By Patrick Cole
Your GPA, or Grade Point Average takes all the courses you’ve attended, notes how well you did in each as well as how many points it is worth and based on that works out how well you’re doing. For different countries, it is generally worked out differently. In the US it’s based on a 4 point scale, with the 4 being the highest.
Your GPA is a very important score. When you’re in high school it is, along with your test scores and your extra-curricular activities, a vital part of deciding what college you’ll be able to go to. For that reason it’s vital that you keep it as high as possible, so as to give yourself as many opportunities as possible. After all, somebody with high grades can decide to become a bum, if they so choose. A person with low grades, however, will struggle to get a high-flying career.
The obvious question then is, what can you do to pump up your GPA?
Actually go to class
This one’s pretty straightforward. Go to class! Listen to the professors. Get your money’s worth. Sure, the material is also in the books, but the great thing about classes is that the teachers and professors cover the topics in their own way. That means that they will give you a different perspective, which will make it far more likely that you’ll actually be able to grasp the material.
What’s more, often it’s the teachers in charge of the testing. By going to class, you’ll get a pretty good indication what they think matters. That will make it easier to study the material that you need to.
It’s such a simple thing and it makes such a huge difference. It is hugely important for memory. It helps to both make it easier to concentrate and focus as well as lay down the memory afterwards. That means you need to get a good night’s sleep both before and after a class.
So get a good sleep rhythm going, where you generally go to bed at the same time and get up at the same time. If you do this effectively, it will be much easier to both go to sleep and get up. It will become a natural rhythm that your body expects.
When you don’t know, ask
Sure, it’s scary to ask questions. After all, it’s better to have people think you’re an idiot than open your mouth and prove it, right? The thing is, in the long run the only person whose opinion matters in that classroom is the teacher. And they’re going to think you’re far stupider when you don’t know something on the test than when you ask a rather obvious question.
So don’t be embarrassed. Your future is more important than that.
This goes double as in most classes what you’re learning next class builds on what was covered this class. That means that if you don’t know what’s going on today, you’re going to struggle even more the next time. So ask the question. Don’t want to do that in front of everybody? Then approach the professor afterwards.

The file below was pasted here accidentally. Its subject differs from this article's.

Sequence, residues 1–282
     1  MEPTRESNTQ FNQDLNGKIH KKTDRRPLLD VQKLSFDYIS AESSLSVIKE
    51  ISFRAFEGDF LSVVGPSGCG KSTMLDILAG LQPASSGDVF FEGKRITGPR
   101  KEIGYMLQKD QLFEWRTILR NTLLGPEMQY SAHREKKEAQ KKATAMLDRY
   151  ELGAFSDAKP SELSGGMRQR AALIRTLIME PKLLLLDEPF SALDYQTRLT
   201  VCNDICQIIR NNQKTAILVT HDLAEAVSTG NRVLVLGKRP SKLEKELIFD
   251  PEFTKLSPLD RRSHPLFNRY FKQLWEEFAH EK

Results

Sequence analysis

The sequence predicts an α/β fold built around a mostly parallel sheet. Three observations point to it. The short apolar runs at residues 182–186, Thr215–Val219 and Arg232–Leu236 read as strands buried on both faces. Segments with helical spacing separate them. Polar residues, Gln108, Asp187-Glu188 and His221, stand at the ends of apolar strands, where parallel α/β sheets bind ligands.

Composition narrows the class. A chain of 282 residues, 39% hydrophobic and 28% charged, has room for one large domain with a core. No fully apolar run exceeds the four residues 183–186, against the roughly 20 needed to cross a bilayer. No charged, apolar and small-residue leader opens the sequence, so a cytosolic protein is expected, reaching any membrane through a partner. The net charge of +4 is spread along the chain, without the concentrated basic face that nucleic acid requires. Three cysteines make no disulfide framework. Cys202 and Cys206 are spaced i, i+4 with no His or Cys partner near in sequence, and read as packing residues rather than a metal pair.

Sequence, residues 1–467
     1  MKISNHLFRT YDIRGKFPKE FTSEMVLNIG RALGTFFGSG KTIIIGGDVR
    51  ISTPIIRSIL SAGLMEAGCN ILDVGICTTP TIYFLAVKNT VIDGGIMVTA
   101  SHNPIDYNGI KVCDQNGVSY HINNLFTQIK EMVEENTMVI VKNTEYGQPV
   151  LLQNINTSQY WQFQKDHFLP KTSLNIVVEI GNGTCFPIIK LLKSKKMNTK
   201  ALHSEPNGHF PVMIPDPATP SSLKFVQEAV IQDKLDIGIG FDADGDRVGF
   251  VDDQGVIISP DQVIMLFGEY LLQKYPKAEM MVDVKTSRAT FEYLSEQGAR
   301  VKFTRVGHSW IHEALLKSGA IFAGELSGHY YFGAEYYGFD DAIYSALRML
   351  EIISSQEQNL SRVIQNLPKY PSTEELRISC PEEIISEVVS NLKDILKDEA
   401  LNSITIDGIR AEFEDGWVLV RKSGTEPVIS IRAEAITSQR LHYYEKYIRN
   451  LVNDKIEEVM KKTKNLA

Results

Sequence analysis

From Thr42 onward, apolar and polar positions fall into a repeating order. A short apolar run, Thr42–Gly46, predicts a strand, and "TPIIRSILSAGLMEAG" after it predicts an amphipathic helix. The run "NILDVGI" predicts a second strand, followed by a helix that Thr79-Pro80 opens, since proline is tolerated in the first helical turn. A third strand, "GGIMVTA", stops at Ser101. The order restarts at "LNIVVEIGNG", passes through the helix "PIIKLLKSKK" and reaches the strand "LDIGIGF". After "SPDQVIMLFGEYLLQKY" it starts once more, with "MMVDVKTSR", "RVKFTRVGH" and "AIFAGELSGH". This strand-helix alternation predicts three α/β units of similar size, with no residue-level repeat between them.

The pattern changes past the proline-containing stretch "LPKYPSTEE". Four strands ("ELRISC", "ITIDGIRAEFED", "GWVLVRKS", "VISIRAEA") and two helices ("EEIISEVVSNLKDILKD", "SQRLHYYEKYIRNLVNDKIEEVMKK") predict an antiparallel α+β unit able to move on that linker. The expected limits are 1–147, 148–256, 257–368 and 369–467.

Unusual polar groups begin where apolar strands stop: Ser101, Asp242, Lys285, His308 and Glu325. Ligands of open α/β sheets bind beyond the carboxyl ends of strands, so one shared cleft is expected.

Hang out with high GPA people
Just hanging out with smart people is already going to make a difference. They discuss strategies which will make studying easier. They’ll make you work harder in order to keep up with them. Heck, sometimes they will just say something that will open up an entirely new world for you.
So befriend the smart people. You’ll get new strategies, new ideas and new habits that will all positively affect your GPA.
It doesn’t end there, either. The smart people have a good shot at making it big later on in life. That means that they won’t just benefit you in terms of your GPA. They’ll benefit you in terms of life in general, as it’s always useful to know people in high places. That is particularly true if you’re looking for a job.
Create or join a study group
Even better than just hanging out with people that are smart is to join a study group with smart people. Here you’re not just talking. Here you’re actually discussing your courses and the material being covered and that’s sure to give you a leg up.
In fact, study groups help in many ways
- Just by going you’re committing yourself to several hours of study.
- They will teach you new study habits as you discuss how to get ready for exams, write essays or retain information.
- They offer you different perspectives, thereby giving you a more rounded understanding of the course material and teacher expectations.
- They can be very useful if you do have to miss a class or if you didn’t understand something the teacher said.
Really, study groups are full of upsides. The only way there can be any downsides is if you find one where people are less focused than you are. So, make sure you find a good one with people who are at least as eager to get good grades as you are.
As you might have noticed, there are no simple tricks that will immediately boost your grades. That’s because GPA, as the name implies, are an average, which means that as you collect more grades, each individual grade will have less of an impact.
For that reason, you’ve got to stay with it and aim to have high grades right from the beginning. In that case, even if you do get a bad grade later on, all these other grades will act as buffers keeping your GPA high and your opportunities many.
Of course, it also works the other way around. Once you’ve got a lot of bad grades, you’re going to struggle to raise your GPA. So don’t let that happen. Give yourself breathing space by hitting the ground running. Then you’ll be in a great position to take a few bumps if life happens to get in the way.
And trust me, life always gets in the way.
Patrick Cole is a passionate writer and contributor to several websites. Loves to write about education and self-realization. You can connect with him via Twitter